Reds prop says South Africans view Aussie forwards as 'soft'
Reds front-rower JP Smith says Queensland need to mend their wounded pride quickly ahead of a trio of games against South African sides that see Australian forwards as a soft target.
Smith, who moved to Australia with his family, including twin brother and fellow Reds prop Ruan aged 20, grew up in the South African system playing for Western Province and returned four years ago to play Currie Cup and then a Super Rugby stint with the Reds’ opponents this week, the Stormers.
“I know what they think of Australian forwards generally,” Smith said of South African sides.
“(That they’re) soft. That’s my honest opinion, that’s what South African (forwards think) because they try and bully us.
“If you take that aspect away from them, they don’t know to do.
“If you take their forward play away, they’re very niggly off the ball and they like to intimidate you and once they see you give in, they’ve got you, so it’s physical presence from the start – they want to dominate you.”
The Reds failed to deal with the pressure applied by fellow Aussies the Rebels on Saturday night, blowing a golden opportunity to leapfrog their conference rivals.
Smith said the match was bitterly disappointing, especially for the forwards, who headed into the season regarded as one of Australia’s strongest outfits at the set piece but had not dealt at times with the intensity of opponents whose match preparation had focused on the Reds pack.
“The Rebels were quite smart, in my opinion, they speed the game up on their ball and when it was our ball, they tried to slow it down a bit,” Smith said.
“Just the whole game management was pretty good.
“We are disappointed. We really wanted to win that game and it really would have set us up going into South Africa but this week coming is really important to us.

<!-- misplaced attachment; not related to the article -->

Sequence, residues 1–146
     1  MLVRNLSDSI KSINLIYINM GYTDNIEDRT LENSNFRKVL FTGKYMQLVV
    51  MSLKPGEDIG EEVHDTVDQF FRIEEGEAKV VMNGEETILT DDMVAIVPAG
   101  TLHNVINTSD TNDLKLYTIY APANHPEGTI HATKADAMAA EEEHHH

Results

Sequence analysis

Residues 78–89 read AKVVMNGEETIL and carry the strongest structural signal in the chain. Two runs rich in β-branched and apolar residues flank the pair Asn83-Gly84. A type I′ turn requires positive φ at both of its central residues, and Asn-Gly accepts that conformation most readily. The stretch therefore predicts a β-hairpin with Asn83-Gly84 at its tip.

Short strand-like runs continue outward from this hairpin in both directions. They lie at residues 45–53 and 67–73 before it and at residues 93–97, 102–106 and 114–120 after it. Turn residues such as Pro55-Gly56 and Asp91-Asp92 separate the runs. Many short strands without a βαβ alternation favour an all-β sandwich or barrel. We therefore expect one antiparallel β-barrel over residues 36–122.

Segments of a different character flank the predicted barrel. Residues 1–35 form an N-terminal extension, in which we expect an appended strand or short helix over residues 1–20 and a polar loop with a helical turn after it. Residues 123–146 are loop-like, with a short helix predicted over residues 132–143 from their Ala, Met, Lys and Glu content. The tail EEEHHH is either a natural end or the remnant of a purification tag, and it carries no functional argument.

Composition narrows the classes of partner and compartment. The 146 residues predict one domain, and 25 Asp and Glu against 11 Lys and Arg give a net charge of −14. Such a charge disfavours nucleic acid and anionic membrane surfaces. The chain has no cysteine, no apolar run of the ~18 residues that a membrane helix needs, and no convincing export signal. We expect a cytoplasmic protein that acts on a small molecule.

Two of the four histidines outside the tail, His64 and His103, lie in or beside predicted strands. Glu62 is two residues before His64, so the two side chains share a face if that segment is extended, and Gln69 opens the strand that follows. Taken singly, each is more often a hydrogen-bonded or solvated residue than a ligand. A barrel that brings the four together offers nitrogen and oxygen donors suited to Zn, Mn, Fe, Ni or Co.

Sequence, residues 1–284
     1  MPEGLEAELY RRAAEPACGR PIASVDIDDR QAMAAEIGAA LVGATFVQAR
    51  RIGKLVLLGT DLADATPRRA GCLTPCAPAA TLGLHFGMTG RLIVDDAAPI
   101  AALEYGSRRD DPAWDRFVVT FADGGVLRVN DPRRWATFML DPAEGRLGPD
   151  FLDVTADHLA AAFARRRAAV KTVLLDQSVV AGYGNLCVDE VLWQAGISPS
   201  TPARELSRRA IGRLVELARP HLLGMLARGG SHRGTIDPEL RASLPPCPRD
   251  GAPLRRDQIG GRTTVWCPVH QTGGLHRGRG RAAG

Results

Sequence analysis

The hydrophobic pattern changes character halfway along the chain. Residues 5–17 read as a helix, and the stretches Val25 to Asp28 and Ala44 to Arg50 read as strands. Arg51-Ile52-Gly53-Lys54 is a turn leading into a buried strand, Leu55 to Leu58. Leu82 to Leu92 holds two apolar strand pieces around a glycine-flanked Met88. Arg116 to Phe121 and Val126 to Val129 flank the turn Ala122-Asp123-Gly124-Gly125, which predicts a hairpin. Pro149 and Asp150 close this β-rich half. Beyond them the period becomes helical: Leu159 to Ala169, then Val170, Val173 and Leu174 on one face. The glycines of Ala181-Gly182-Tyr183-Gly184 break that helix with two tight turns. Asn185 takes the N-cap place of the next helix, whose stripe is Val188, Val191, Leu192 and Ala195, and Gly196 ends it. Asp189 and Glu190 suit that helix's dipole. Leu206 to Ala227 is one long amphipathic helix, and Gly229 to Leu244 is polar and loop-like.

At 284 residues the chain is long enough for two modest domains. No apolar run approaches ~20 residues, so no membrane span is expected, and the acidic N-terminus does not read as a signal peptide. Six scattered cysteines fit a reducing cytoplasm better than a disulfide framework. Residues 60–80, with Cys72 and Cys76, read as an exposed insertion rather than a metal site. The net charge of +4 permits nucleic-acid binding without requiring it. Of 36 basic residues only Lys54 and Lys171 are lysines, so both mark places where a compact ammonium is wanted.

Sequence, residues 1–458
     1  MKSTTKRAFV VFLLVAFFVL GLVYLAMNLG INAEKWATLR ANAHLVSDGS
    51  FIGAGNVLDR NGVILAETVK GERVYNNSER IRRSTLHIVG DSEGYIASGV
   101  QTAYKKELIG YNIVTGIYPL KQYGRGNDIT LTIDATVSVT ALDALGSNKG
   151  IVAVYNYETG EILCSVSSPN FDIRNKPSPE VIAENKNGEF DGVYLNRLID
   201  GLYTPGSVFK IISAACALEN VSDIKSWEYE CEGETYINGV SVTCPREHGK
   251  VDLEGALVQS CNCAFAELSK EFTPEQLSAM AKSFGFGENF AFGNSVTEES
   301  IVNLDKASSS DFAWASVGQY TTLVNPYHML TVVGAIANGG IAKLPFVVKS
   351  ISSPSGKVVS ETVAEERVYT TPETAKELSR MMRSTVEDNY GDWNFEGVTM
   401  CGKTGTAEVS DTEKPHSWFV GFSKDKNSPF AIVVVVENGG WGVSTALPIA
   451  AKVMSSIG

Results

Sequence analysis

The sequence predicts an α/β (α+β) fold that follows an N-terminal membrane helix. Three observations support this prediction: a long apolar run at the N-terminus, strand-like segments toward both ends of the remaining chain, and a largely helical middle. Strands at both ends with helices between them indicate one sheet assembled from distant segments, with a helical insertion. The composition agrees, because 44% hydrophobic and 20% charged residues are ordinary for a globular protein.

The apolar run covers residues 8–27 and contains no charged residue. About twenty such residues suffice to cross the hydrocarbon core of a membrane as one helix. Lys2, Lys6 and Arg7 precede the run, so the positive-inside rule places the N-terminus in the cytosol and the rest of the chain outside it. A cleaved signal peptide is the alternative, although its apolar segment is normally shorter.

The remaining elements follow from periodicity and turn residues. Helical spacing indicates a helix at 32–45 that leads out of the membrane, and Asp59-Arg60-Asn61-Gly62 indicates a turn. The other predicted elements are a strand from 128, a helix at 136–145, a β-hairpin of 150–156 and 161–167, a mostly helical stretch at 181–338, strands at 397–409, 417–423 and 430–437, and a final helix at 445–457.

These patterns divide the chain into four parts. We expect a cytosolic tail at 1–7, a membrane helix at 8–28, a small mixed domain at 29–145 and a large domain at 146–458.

‘We need to give our fans a win so they come back and then on tour, get the job done as well.
“So this weekend is really important for us.”
But with the Stormers having lost the first two legs of their four-match Pacific tour, to the Hurricanes and Blues, Smith believes they will be desperate at Suncorp Stadium on Friday night.
“They want to finish well,” he said.
“They have two Australian teams left and it’s not always pleasant for those boys when they don’t win their games, so I think they’re going to target us this weekend.”
Coach Brad Thorn noted after the first match of the season that his scrum came under plenty of attention from match officials.
And Smith said the Reds’ pack power last year meant that would be a common occurrence.
“After last year and how dominant we were, we knew going in this year we were going to have targets on our back,” he said.
“Teams will come out and work harder because they’re playing the Reds because of what happened last year.
“Every team this year knew where to beat the Reds – come in and target the scrum.
“But as professional players we need to handle that.
“These next three weeks playing against big South African packs is really going to test us.
“It’s going to test the depth of the squad as well … playing big South African props – 125-130kg is a big test, so we’re going to have to be very good.”
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